Chandrayaan-2 is India's second Moon mission after Chandrayaan-1 and it will be launched from Satish Dhawan Space Centre at Sriharikota on-board GSLV Mk-III on July 15, 2019. The historic Chandrayaan 2 mission will target a completely unexplored section of the Moon that is, its “South Polar region - Aitken Basin”.
By conducting topographical studies and mineralogical analyses alongside a few other experiments on the Moon’s Surface, the ISRO’s ambitious mission aims to get a better understanding of the Moon’s origin and its evolution. According to ISRO, the mission Chandrayaan 2 will also nurture the findings of Chandrayaan 1.
It is to be noted that the mission is being considered as a challenge since no space agency has ever explored the South Polar Region of the Moon.
Here’s the reasons why Chandrayaan 2 is on a mission to explore the Moon’s South Polar Region and why it’s a huge challenge:
The Dark Side of the moon & importance of exploring it:
The far side of the Moon is the hemisphere of the Moon that always faces away from Earth. It has one of the largest craters in the Solar System, the South Pole–Aitken basin. As the craters remain dark, they have higher chances of containing water.
The bottom of the polar craters of remain under shadows permanently because of the low angular tilt of the axis. Hence the temperature at the poles remains frigid, hitting as low as -248 degree Celsius. That makes it among the lowest temperatures in the Solar System. The sunlight strikes at very low angles in the Polar Regions and thus the craters might have never received sunlight, thereby increasing the chances of presence of ice on such surfaces.
The Moon’s South Pole is more interesting as the lunar surface area at the south pole of the Moon that remains in shadow is much larger than that of its north pole. This increases the possibility of the presence of water in permanently shadowed areas around it.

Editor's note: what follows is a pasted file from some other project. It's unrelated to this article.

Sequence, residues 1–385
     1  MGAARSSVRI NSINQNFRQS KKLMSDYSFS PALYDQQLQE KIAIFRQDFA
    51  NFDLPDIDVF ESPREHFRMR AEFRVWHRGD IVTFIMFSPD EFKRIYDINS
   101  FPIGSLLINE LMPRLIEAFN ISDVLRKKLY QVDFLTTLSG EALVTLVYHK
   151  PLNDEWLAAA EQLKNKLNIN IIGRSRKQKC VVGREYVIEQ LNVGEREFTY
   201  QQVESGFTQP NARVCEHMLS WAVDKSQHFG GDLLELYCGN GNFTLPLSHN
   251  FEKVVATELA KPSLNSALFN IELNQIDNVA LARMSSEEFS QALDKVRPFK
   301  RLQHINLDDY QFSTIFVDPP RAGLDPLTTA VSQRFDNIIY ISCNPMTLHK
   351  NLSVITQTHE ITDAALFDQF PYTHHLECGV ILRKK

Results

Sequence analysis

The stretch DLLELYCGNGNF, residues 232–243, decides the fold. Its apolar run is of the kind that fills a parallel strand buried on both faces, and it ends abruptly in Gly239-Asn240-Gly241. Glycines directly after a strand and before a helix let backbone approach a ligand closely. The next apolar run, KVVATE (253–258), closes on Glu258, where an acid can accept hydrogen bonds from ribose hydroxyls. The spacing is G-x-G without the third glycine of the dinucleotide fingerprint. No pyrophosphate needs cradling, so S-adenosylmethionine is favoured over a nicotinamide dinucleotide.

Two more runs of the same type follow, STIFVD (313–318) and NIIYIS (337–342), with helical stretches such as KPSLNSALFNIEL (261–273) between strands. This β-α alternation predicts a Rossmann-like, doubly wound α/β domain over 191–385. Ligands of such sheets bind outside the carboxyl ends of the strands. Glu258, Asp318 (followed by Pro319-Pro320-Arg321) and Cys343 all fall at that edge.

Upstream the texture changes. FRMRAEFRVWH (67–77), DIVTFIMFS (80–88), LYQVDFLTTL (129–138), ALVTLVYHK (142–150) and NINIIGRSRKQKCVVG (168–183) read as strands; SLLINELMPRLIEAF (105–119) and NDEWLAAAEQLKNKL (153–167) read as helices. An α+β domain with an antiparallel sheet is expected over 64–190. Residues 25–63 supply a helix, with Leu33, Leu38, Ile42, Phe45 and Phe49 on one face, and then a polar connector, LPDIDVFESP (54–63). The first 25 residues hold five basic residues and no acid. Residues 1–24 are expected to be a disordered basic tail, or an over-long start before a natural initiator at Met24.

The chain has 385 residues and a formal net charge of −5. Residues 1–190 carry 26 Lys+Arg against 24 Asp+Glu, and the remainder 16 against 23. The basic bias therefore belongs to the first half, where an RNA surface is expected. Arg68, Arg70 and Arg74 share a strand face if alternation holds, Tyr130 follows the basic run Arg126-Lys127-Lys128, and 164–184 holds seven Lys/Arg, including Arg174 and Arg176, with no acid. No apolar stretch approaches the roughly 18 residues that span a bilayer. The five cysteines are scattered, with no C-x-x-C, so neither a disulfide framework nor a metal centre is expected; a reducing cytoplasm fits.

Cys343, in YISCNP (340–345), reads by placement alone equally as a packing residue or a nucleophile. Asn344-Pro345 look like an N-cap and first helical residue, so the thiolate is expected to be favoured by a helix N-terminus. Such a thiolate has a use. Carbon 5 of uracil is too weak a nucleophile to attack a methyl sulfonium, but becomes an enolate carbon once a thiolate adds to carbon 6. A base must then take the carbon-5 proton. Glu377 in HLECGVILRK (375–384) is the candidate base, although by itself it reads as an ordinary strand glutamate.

Totally Unexplored Territory:
No space agency has ever explored the South Polar Region of the Moon. So far in all the space missions, no country has ever attempted to land a spacecraft in the polar regions of the moon. As the South Polar Region is far, it is totally unexplored till now which could give India a lead in space exploration on an international level. The South Pole region has craters that are cold traps and contain a fossil record of the early Solar System.
According to ISRO, Chandrayaan 2 will carry 13 different scientific instruments to study the Moon. 8 of this will be a remote-observation payloads on the orbiter, 3 will be on the lander and 2 will be on the rover. The cost of the project is Rs 978 crore and contains three modules along with a launcher. The launcher that will be used is The GSLV Mk-III and is India’s most powerful launcher to date. The modules include the orbiter, the Lander named Vikram and the Rover called Pragyan.
K Sivan, Chairman at ISRO, said to the TOI that the minutes of the descent operation will be the most terrifying. “During the last 15-minutes of Vikram’s final descent and soft landing will be difficult as a mission of this scale has never been attempted before,” TOI quoted K Sivan.
Interestingly, India will be the fourth nation after the US, Russia and China, if succeeds in a soft landing on the Moon. Earlier, Israel failed in its maiden attempt to soft land on the moon through a Beresheet spacecraft, which crashed after reaching very close to the lunar surface.